After the lovely impromptu picnic (at least for me), I sussed out where I could launch from.  The main peak certainly wasn’t an option but there was a lower peak about a hundred meters away.  I bid farewell to the girls and hiked down to check it out.  It was steep enough in some spots and there was a narrow rocky gorge that could work but there was a plethora of rocks, boulders and small grabby bushes just waiting to snag my paraglider lines.  The girls had walked over to the area and were interested in seeing me take off and in the end some of them volunteered to help out by holding up my wing.  I have to admire their dedication as over the course of the next hour I reset up my wing in three different locations and had a handful of aborted launches.  Unfortunately during one of those aborts a line on my wing broke…my first one in 10 years of flying!  It was the outer left line, not a load bearing one and I decided that it would be okay to fly regardless.

Looking back at where I's the small grassy patch on the ridge in the middle of the picture:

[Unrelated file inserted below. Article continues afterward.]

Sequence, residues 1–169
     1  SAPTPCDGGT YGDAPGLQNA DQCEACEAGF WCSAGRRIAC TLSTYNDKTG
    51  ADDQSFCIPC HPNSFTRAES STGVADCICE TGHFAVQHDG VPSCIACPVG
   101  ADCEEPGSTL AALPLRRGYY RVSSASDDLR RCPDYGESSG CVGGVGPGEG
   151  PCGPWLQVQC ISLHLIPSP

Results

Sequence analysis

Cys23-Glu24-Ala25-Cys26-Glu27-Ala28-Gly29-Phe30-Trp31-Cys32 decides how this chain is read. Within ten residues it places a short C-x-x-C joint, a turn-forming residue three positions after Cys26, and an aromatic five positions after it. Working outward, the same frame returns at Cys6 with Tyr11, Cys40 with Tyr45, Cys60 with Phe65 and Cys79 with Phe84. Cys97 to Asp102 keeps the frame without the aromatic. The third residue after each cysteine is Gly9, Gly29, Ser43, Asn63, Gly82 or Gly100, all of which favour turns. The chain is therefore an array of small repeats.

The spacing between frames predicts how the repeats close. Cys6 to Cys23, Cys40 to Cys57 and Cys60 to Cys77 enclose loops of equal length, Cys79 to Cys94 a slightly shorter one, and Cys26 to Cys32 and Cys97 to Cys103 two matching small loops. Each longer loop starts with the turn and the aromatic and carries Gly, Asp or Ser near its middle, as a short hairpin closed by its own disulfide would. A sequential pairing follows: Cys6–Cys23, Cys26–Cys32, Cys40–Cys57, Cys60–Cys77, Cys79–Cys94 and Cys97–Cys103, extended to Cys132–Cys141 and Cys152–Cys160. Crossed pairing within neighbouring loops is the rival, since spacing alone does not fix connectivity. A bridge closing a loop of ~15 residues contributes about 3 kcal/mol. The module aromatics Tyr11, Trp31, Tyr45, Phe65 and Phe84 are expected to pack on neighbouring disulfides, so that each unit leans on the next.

Looking back at the young women on the top peak:

Looking for my "runway":

My first launch spot...not a good choice, too many rocks:

My helpers waiting patiently:

By this time I was drenched in sweat and I could tell the girls were ready to see me off and begin their hike back to their village.  We waited and waited for a cycle of wind to come up the hill and finally when one did I popped up the wing to their gleeful cheers.  I spun around to face forward and was quickly lifted up just as I stepped on a small boulder.  The right side of my wing folded inwards and the cheers from the young women immediately ceased as they must have feared the worst.  I wasn’t as concerned as the paraglider was still flying and I leaned to the left as I pumped the wingtip out and then once again heard the cheers from below.  I rocketed up, hardly spending anytime in the narrow gulley and waved as I flew off.